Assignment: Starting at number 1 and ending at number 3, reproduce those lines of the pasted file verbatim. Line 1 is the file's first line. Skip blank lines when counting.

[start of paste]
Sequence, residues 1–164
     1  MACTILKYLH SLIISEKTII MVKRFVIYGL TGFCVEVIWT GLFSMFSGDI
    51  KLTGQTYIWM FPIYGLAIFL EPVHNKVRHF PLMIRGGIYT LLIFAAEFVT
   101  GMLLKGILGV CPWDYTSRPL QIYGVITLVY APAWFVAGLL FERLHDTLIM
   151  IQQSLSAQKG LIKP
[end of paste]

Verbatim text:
Sequence, residues 1–164
     1  MACTILKYLH SLIISEKTII MVKRFVIYGL TGFCVEVIWT GLFSMFSGDI
    51  KLTGQTYIWM FPIYGLAIFL EPVHNKVRHF PLMIRGGIYT LLIFAAEFVT